Pedagogy

Cons of Participation Grades 2

Continuing my previous post (which I unfortunately must do in installments due to my schedule) here is another common criticism of grading participation. 2. It is nebulous. What exactly does participation mean? A strong criticism of participation-based grades is that participation itself is a nebulous concept. There are a wide …

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Pedagogy

Cons of Participation Grades 1

There are better and worse ways to assess students and participation is no exception. Some teachers use a “participation grade” as a justification to assign grades based on how much they like students. Obviously, that is not a good grading practice. However, there are others who use participation to assess …

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Three-way head-on collision of a red, yellow, and green car at a demolition derby.
Critical ThinkingEducationPolitics

Surprise! Grades are nothing like dollars.

Everyone likes a good ideological parable, especially when it confirms what they already believe to be true about the world. I recently caught the following gem on Facebook, which seems perfectly crafted to tickle the fancy of your garden-variety “daggum socialist Obama” conservative type: An economics professor at a local …

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Pedagogy

Assessment

My last post touched on assessment and as this topic has been overwhelming my life lately, I thought I should share a bit more of my perspective on this. Whenever I speak with other teachers about assessment, I’m reminded of an old joke: A drunk man is looking for his …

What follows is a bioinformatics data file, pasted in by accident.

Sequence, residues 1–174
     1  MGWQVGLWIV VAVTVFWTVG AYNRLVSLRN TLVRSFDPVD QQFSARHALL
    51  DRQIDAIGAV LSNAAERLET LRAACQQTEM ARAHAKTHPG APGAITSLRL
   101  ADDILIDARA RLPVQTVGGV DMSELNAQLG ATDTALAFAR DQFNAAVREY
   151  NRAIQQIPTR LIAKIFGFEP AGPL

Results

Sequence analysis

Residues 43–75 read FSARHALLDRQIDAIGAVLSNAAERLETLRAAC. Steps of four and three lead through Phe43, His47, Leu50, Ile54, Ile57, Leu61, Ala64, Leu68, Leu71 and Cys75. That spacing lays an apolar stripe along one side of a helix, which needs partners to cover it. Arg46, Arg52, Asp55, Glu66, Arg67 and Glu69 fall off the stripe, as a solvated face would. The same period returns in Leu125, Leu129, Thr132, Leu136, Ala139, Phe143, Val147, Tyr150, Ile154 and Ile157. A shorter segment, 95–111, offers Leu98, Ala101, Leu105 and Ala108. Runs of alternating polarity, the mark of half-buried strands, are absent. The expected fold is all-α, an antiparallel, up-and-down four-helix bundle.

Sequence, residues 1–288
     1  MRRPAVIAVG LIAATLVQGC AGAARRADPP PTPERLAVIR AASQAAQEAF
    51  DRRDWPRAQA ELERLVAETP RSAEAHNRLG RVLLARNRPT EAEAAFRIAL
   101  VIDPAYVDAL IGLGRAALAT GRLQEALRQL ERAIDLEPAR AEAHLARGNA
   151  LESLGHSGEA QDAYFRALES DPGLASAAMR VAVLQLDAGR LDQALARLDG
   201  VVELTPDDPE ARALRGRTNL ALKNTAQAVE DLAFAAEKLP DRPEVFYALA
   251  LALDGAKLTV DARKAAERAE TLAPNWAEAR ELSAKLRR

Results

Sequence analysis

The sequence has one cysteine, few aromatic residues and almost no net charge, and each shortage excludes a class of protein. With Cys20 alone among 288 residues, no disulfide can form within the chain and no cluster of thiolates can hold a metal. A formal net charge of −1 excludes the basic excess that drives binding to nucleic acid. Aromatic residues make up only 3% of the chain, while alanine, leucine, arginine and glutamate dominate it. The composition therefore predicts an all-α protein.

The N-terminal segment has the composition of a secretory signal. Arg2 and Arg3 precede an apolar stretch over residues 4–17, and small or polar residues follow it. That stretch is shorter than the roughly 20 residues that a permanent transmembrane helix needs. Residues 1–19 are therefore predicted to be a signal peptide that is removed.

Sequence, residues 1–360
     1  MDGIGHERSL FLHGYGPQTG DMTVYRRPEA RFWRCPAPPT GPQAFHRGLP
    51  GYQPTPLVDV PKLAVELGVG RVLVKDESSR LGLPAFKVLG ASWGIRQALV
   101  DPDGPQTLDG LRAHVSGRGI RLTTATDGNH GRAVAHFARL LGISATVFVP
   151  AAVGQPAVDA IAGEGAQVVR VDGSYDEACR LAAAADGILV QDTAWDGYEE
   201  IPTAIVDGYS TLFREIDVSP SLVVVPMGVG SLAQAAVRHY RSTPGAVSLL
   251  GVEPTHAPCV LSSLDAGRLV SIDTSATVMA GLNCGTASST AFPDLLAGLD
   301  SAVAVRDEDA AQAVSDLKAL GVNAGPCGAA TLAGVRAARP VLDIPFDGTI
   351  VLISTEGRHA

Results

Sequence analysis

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Pedagogy

Gathering Evidence

The more I teach, the more I realize just how much overlap there is between teaching and scientific skepticism. Specifically, I’ve been thinking about assessment lately. There are many different forms of assessment and reasons for doing it, but when you really look at it, assessment is just gathering evidence. …

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Education

Using Data to Find Grading Bias

I love data. A lot. When a close friend was in the hospital, I calculated the exact amount of my free time I dedicated to visiting him each day and put it in a fancy set of charts and graphs. Not for any guilt-tripping purposes, I did this for the …

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Higher Education

What’s In A Number (Or Letter)?

I’ve noticed a disturbing trend in my last two semesters of teaching (my first classroom experience after grad school.) I avoid grading. I look upon it with dread and procrastinate as much as possible. But isn’t that normal? Don’t most instructors hate to grade? I realized it most strongly at …

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Required Readings

Grade changes, exit interview, first-gen collegians, teacher ed, ed tech, and more: Required Readings, 2.16.15

Happy President’s Day and Lundi Gras, readers! We’ll start this week’s Required Readings with an opinion piece burning up the internet over the weekend: Dear Student: No, I Won’t Change the Grade You Deserve. Thoughts? An interview with the departing leader of a large public school system in the D.C. Metro area emphasizes …

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Critical ThinkingHigher EducationSecondary EducationUncategorized

Wondering about grades? Us, too. Also: adjuncts in the news, charter school walkouts, computer graded writing. It’s Required Reading 2-6-2014!

What’s in a grade? Does a high GPA from a prestigious university indicate  a moral and unthuglike character ?   Why bring it up? Speaking of grades, why the leap from D to F?  Shouldn’t you lose points for forgetting one of the most popular letters? Well, New Jersey really needs …

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Union Jack Flag
Required Readings

Required Readings – A-Levels Edition! – 15 August 2013

Hairy legs and armpits! A-Levels! Dawn Foster! Accreditation drama! Good morning, teachers and learners. Your required readings are below. I’ve gathered everything you need to know about the drama that is A-levels. Can you afford University? – The BBC talks with students here, including those who recall the hairy legs …

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